Not surprisingly, the Freudian concept of narcissism crops up across a number of organizational areas. Richard Kopelman writes about narcissism and job satisfaction. His research has found that narcissists tend to show higher levels of dissatisfaction on the job. Their egoism is so great that nothing could match what they think they deserve. Even Paradise would fall short against their sense of self-worth. We all know people who fit this mold. The self-entitlement and self-aggrandizement is so great that they are impossible to work with. They are even more impossible to work for.

In an article in the Academy of Management Executive (1994), Manfred Kets de Vries, a leading researcher in the field, writes that narcissism lies at the heart of leadership. Before anyone gets upset by the use of the term, he defines two kinds of narcissism - the "good" kind - what he calls constructive narcissism - and the "bad" kind - reactive narcissism. What drives constructive leaders is the need for greatness. Thus, in their role as leaders, they may take advice and consult with others, although they will always take credit for the ultimate decision. Such leaders can be inspiring and larger than life; in fact, they have worked hard to become so and most definitely are so in their own minds! They can be transformational leaders, even role models. They can inspire others not only to be better at what they do, but to entirely change what they do. ~On the other hand, Reactive Leaders are driven toward achievement and attainment by the need to get even with perceived slights experienced in childhood (again, the pervasive effects of childhood). As leaders, they require "yes men." They will not tolerate disagreement. They can be cruel and even abusive to subordinates. Their anger is directed toward submissive and weak people, because it can't be directed toward the sources of humiliation in their youth. Such leaders consult with no one - they know everything, they can make all decisions on their own. Reactive Leaders never experience defeat; if they do, they immediately scapegoat others in the organization to take the blame. Such leaders cannot deal with criticism. They are ruthless.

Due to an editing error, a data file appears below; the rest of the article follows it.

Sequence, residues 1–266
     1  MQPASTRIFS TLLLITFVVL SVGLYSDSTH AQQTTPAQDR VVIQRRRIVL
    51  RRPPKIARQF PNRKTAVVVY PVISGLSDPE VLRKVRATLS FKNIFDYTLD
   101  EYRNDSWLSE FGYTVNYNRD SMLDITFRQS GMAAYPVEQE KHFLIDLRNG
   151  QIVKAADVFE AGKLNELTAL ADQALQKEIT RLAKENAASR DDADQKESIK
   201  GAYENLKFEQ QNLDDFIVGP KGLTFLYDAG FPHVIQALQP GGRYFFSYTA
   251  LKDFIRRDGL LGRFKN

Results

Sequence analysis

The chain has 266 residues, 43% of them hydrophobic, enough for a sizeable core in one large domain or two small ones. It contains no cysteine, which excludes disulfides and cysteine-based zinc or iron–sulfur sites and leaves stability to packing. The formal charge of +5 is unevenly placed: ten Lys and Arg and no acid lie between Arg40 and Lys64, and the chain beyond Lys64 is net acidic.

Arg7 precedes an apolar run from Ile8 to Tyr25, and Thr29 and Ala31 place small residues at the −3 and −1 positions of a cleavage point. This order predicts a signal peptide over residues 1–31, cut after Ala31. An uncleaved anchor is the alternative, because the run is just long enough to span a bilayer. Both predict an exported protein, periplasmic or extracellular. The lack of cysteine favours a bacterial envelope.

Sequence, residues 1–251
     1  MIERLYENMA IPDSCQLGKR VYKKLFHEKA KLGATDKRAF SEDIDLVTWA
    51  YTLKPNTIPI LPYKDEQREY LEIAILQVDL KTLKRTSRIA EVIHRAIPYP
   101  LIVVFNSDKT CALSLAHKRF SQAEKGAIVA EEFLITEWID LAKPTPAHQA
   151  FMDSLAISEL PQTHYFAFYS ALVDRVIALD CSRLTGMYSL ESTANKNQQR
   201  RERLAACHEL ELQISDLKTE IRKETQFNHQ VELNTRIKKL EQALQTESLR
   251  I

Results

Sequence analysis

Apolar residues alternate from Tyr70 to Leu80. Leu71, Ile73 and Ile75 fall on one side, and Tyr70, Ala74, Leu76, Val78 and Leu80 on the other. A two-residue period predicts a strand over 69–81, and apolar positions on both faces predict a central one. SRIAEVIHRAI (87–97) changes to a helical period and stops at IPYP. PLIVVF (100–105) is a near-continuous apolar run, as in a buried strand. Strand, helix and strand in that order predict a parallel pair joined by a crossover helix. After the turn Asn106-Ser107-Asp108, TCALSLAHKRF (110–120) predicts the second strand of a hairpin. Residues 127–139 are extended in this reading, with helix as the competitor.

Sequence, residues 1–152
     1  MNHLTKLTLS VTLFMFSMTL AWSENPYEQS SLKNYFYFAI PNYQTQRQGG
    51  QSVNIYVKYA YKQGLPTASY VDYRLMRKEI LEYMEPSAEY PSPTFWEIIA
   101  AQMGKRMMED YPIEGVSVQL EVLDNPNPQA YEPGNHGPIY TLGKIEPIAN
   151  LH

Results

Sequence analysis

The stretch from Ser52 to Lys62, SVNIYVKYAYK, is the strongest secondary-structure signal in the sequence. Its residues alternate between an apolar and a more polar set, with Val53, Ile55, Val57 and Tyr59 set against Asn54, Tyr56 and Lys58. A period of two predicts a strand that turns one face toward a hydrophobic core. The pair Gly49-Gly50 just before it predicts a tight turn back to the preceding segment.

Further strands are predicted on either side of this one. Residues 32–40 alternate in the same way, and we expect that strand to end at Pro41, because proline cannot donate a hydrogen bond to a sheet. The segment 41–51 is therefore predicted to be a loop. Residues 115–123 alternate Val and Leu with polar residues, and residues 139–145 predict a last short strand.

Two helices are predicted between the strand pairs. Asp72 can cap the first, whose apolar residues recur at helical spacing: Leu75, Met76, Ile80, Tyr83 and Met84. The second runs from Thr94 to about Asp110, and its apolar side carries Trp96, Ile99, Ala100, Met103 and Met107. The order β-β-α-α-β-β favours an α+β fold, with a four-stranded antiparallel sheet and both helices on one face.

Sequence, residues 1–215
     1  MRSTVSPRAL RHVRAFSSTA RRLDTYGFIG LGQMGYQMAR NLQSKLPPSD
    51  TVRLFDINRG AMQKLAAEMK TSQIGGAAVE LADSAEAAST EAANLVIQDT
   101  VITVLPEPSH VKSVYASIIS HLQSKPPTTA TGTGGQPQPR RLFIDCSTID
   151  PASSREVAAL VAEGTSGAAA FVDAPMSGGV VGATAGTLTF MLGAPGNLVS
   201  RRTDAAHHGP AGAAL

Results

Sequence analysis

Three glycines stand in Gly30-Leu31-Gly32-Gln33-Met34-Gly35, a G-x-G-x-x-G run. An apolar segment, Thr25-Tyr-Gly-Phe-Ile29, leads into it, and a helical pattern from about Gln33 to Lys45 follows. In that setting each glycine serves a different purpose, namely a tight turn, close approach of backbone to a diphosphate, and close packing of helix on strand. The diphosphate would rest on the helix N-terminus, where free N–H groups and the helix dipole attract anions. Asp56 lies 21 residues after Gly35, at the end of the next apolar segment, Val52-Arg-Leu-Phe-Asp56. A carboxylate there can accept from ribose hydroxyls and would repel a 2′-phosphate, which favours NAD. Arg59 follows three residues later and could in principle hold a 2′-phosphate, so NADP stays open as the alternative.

Where does this leave the organization?

One approach is to work with such individuals and address their work-related problems through psychoanalysis. Kets de Vries does this with upper level organizational leaders in intensive long-term therapy. The problem arises when work issues are addressed on a group level in short-term intervention that focuses on uncovering unconscious motivations underlying work-related behavior. Doing so often begins to look like group therapy taking place in the office. And this is dangerous on many levels. It can bring forth many issues and experiences that are inappropriate to be discussed and investigated in the workplace. It can exacerbate tensions that already exist, and with this type of short-term intervention, there might not be enough time to fully and adequately deal with those tensions, leaving the group worse off than when intervention began. While aspects of Freudian theory definitely apply and play out in the workplace, dealing with them IN the workplace might not be the best forum. It is important, though, for people at all levels of the organization to be aware of possible unconscious dynamic currents underlying observable work behavior. After all, psychological awareness is the first step toward psychological health!


Filed Under: Workplace Issues